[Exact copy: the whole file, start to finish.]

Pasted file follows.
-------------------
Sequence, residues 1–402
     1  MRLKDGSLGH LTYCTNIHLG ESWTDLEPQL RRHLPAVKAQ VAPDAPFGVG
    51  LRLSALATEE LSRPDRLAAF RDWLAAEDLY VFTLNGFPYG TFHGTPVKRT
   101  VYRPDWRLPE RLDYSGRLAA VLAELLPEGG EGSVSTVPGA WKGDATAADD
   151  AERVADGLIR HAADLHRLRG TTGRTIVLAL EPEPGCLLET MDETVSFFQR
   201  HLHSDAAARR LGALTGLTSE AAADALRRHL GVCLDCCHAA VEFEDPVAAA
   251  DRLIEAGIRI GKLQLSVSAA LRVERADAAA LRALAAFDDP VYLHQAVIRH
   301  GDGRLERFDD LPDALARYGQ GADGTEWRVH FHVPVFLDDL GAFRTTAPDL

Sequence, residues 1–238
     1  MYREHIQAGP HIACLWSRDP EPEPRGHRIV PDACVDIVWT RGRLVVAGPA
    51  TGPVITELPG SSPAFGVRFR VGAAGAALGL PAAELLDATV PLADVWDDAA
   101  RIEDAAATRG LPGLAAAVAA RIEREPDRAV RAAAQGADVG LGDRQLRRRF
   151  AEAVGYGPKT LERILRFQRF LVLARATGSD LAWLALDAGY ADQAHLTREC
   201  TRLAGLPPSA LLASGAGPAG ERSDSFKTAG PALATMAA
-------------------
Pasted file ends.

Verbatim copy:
Sequence, residues 1–402
     1  MRLKDGSLGH LTYCTNIHLG ESWTDLEPQL RRHLPAVKAQ VAPDAPFGVG
    51  LRLSALATEE LSRPDRLAAF RDWLAAEDLY VFTLNGFPYG TFHGTPVKRT
   101  VYRPDWRLPE RLDYSGRLAA VLAELLPEGG EGSVSTVPGA WKGDATAADD
   151  AERVADGLIR HAADLHRLRG TTGRTIVLAL EPEPGCLLET MDETVSFFQR
   201  HLHSDAAARR LGALTGLTSE AAADALRRHL GVCLDCCHAA VEFEDPVAAA
   251  DRLIEAGIRI GKLQLSVSAA LRVERADAAA LRALAAFDDP VYLHQAVIRH
   301  GDGRLERFDD LPDALARYGQ GADGTEWRVH FHVPVFLDDL GAFRTTAPDL

Sequence, residues 1–238
     1  MYREHIQAGP HIACLWSRDP EPEPRGHRIV PDACVDIVWT RGRLVVAGPA
    51  TGPVITELPG SSPAFGVRFR VGAAGAALGL PAAELLDATV PLADVWDDAA
   101  RIEDAAATRG LPGLAAAVAA RIEREPDRAV RAAAQGADVG LGDRQLRRRF
   151  AEAVGYGPKT LERILRFQRF LVLARATGSD LAWLALDAGY ADQAHLTREC
   201  TRLAGLPPSA LLASGAGPAG ERSDSFKTAG PALATMAA